Men’s Health–Finding the Fountain of Youth

“You dream. You plan. You reach. There will be obstacles. There will be doubters. There will be mistakes. But with hard work, with belief, with confidence and trust in yourself and those around you, there are no limits.”

—Michael Phelps, 23-time Olympic-gold-medalist swimmer

The Introduction of Dave Skattum and the 4 Pillars of Men's Health.

When I was 49 years old, a friend and colleague was lying in a hospital bed with the doctor leaning over him, sawing his leg off. Shortly after that, two more of my friends were diagnosed with diabetes. It almost made my head explode! I thought I was heading in that same direction. I was obese, had a sedentary lifestyle, and ate like a pig.

In the movies, John Wayne and James Bond don’t worry about their health. They get shot, beaten and smashed—then get up and finish off the bad guys. Reality, however, is quite different.

John Wayne developed heart disease and had a cancerous lung removed. Ian Fleming, who created James Bond, died from complications of a chest cold because he bucked his doctor’s orders and played golf instead.

Look at any health statistics and the real story is the same: men live much shorter lives than women and have higher risks for all 15 leading causes of death except Alzheimer’s disease. Despite these statistics, most American men think their health is “excellent”—and they’re dying to prove it. Although their health risks are largely preventable, men’s infrequent health care—combined with behavior that’s better left to Hollywood stuntmen, shortens their lives by more than five years.

What do we men need to do? Where do we begin? For me it began with my friend lying in that hospital bed and then having visions of myself living a miserable, unhealthy life. So, I slowly began to change things in my life: the way I thought, ate and worked out—and I paid more attention to my spiritual life. Today I am running the Ironman triathlon, have lost 75 lbs., have highly nutritious eating habits, and I enjoy a balanced family life and rich spiritual life, all of which has propelled me to share what I've learned and gained with you.

In this book, I want to invite you to come along with me on a journey to much better health and wellness, so you can live your dreams to their fullest. We will focus on four critical areas for extreme health improvement: 1) Changing our thinking, 2) Eating nutritious foods that produce health, 3) Getting our bodies in shape, and 4) Jumping into a deeper spiritual life.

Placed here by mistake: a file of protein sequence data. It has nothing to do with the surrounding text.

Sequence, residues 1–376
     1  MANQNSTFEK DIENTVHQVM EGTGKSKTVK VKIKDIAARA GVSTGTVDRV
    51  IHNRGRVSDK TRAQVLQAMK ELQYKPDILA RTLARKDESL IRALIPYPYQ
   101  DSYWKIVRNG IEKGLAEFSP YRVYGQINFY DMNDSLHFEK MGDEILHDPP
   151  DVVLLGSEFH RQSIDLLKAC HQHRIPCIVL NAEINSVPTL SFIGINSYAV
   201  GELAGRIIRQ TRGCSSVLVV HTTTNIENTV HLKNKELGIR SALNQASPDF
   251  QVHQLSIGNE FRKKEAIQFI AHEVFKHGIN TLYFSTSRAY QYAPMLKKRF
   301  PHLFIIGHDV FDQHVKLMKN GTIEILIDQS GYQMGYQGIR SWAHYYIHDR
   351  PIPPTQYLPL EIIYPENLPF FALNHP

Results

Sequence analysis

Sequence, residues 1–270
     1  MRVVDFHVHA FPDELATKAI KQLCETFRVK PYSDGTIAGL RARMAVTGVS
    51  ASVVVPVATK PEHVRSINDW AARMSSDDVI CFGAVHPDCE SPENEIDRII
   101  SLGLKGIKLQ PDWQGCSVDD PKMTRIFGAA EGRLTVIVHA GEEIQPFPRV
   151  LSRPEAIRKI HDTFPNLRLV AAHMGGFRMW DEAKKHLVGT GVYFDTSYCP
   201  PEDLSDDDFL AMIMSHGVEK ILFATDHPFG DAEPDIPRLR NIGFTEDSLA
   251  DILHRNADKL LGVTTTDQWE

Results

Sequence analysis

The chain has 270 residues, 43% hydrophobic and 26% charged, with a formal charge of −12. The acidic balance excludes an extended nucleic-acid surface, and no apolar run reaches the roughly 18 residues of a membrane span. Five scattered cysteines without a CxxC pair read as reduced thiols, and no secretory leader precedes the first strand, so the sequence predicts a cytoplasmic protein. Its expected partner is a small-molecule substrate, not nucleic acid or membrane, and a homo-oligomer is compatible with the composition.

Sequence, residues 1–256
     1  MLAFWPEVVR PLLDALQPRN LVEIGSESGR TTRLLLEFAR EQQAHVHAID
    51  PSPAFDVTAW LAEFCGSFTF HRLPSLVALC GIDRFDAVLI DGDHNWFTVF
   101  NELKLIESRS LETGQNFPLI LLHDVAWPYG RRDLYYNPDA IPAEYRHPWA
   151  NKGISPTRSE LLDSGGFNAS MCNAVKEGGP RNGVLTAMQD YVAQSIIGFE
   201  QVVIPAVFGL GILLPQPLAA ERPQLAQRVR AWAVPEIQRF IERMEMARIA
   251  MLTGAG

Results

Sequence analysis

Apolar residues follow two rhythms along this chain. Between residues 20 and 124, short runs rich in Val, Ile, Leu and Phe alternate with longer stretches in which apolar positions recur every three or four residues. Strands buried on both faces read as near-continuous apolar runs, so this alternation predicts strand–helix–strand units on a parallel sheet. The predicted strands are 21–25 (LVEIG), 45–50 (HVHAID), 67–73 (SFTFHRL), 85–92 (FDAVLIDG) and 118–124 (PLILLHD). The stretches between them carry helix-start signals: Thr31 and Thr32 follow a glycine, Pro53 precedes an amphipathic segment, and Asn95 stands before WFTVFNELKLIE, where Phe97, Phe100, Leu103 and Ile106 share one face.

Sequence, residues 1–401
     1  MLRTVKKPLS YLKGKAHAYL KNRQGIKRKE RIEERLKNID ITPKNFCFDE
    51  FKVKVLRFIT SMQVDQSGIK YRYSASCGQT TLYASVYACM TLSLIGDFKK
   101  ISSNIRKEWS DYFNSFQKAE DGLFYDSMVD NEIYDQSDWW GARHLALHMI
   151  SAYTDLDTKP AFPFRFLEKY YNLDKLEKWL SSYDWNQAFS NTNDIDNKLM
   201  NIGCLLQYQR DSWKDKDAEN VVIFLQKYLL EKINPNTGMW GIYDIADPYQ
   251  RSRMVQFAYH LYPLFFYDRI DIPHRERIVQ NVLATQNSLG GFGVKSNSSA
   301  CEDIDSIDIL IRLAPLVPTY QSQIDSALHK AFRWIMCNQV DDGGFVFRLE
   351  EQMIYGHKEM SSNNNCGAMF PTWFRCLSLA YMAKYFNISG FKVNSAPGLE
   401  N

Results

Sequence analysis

Changing Your Thinking

Your thoughts are creative and powerful. With the right thoughts, you create the right beliefs, and you achieve much of what you want. I am a living example of how using correct thinking works. Although I am naturally an optimistic person, as I have matured, I realize just how much I thoughts have created my life—the good the bad and the ugly. In future blogs, you will join me in my discovery of the power of those words.

Your thoughts can create a wonderful life, bring you more wealth, more confidence, more success, better relationships–just about anything you want.

However, your thoughts can also make your life miserable, lead to financial disaster, create unneeded struggle, increased emotional pain and more hardships, and force you into dysfunctional relationships—the kind that just don’t work or leave you unhappy and unfulfilled. Soon, we will be talking about purposefully choosing positive thoughts and how that will change your life.

We will be exploring how affirmations, choosing positive thoughts, and always learning new things will dramatically change your life. And later, we will jump into what happens when we continually strive to grow and improve by learning new things.


Eating Nutritious Foods that Produce Health

I grew up on and live on a ranch in Montana. Hard work and a steady diet of meat and potatoes are a way of life! It took me years of study, experimentation, and some family scorn to realize how important a plant-based diet was for my health. Your food choices each day affect your health and will determine how you feel today, tomorrow and in the future.